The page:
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The following is from my previous personal blog, written just after the London tube bombings in summer 2005. I’m republishing it here because I felt it extended a previous post on irrational fears while traveling.
I wonder about mortality.
My friend confessed she has panic attacks while sitting on the tube in London. She asked me to cheer her up and so I told her the only way to get over her fear is to be okay with dying.
“No matter what you do, there’s the possibility that you could be hit by a bus, a meteor, a terrorist bomb, heart attack, falling piano, etc…” I told her. She called me a hippy and put my advice on her blog.
A friend of her’s believed I missed the point, and wrote, “It is one thing to accept that one day we all die and to be ok with it. It is another to have your life stolen from you while you are going about living your daily life.” Which is quite true.
Rarely do we think about getting hit by a meteor every time we walk out of the house, but neither do we think about being ripped apart by a suicide bomber — until it happens in our midst.
Then the media drills it into our skulls.
We look at others with sidelong glances. We wonder what everyone is carrying in their backpacks.
Another friend of hers claimed I was living in a dream world, an abstraction. According to him, we Canadians “wallow in the secure privilege of that sanctuary of fattened mediocrity.”
He says Londoners have nightmares of death, while we have dreams of early retirement. My death resides on an installment plan, measured and predictable. “Find me a Canadian who has not been lobotomised by safety,” he demands, as if Canadians should somehow feel guilty for not living in a war-torn society, shattered by decades of hatred.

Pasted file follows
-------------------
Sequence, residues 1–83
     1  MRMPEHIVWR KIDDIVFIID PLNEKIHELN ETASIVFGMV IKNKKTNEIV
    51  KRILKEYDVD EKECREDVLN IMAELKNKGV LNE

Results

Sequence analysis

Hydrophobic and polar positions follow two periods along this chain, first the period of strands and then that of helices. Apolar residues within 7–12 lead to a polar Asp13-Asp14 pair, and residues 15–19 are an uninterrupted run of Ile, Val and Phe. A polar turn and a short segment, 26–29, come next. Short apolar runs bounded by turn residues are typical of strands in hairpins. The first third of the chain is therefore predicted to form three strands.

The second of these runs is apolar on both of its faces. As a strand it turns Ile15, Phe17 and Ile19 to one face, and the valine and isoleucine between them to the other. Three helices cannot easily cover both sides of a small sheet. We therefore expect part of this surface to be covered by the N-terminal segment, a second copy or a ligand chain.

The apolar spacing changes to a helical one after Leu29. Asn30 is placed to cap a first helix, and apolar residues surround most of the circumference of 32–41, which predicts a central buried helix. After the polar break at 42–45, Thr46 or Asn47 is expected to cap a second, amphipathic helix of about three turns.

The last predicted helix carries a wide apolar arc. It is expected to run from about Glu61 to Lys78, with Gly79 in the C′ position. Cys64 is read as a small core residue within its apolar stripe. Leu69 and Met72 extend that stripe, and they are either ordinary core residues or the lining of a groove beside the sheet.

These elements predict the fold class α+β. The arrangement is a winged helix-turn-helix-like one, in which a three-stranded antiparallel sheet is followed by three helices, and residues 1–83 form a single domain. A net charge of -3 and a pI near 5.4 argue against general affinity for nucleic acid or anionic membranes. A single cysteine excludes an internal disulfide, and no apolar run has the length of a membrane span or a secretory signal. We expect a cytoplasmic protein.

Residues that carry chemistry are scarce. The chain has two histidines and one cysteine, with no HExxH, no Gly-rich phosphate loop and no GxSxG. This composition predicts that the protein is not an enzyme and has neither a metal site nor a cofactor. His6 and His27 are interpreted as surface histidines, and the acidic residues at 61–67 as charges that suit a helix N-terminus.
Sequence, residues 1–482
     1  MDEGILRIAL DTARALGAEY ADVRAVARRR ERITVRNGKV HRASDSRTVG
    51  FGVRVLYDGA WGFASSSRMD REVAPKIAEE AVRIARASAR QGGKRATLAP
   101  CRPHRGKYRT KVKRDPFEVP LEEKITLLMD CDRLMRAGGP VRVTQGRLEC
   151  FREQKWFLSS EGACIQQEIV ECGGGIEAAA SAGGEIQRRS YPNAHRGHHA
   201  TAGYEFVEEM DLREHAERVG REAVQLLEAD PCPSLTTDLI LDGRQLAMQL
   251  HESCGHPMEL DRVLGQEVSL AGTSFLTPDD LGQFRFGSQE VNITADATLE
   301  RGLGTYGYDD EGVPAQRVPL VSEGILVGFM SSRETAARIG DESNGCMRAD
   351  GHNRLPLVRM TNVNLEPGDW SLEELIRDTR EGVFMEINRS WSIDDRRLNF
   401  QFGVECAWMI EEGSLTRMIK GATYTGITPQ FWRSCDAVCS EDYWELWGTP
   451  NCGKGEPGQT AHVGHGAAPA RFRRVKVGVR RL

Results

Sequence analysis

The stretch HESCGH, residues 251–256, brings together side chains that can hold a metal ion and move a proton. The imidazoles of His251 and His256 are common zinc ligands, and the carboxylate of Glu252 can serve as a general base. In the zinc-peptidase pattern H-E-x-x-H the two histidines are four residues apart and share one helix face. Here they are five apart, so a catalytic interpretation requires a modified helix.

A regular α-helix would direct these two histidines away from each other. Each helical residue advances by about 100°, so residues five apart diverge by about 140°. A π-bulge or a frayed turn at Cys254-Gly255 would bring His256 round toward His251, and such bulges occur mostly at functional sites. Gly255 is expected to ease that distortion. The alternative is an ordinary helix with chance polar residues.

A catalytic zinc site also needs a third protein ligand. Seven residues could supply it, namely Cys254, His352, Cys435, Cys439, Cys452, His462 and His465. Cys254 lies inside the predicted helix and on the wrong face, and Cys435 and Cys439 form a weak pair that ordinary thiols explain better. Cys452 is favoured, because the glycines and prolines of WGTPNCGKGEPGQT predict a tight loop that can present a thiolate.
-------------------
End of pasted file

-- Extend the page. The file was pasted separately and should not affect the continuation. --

I never claimed to know how Londoners feel during these last few weeks, nor do I claim the same about the daily reality of those in Haiti, Palestine, Israel, Congo, Darfur, the list goes on.
But that doesn’t change what I believe about death. Being okay with dying doesn’t mean you’re indifferent to the circumstances that threaten you. It’s not like you simply let life happen.
Instead, the refusal to give in to the fear of death helps us work through the paralysis that is the aim of all acts of terrorism. This realization motivates me to help others in whatever modest way, seek out unique experiences while I can, and proceed through society cautious but optimistic.
Accepting the possibility of death helps to clear our minds so we aren’t controlled by our fear — whether justified or imagined.
Her third friend wrote:
“I think we’re afraid of death because it means we know for the most part we’ll die with regrets. All the should haves, could haves. The unfinished business. Some people try to reconcile that, I think, with religion or a belief in something that gives us something to cling to, a hope that well, this isn’t the end of it all. But personally, I kinda of think it is. We leave what we leave. Hopefully there’s some good stuff along the way that makes people remember us fondly, or with a smile, but when you’re gone, you’re gone.”
Her friend realizes that our fear of death stems from our belief about the situation we leave behind.
Did I do enough? Will I be remembered after I’m gone?
All of this is irrelevant if you accept the circumstances that you’ve created for yourself and for others. If you have conducted yourself to the best of your ability than there is no need for regrets. We don’t know what happens after this life — it could be nothing, or it could be something.
The Buddha didn’t care about it either way. He believed we should deal with this lifetime first, then worry about the possibility of the next one when the time comes.
Presumably, when we realize this, all our worry about soldiers, suicide bombers, safety, security, retirement, death, everything…it doesn’t matter. We put it aside. And then we act.
What do you think, pragmatic living or hippy nonsense? Please share your thoughts in the comments.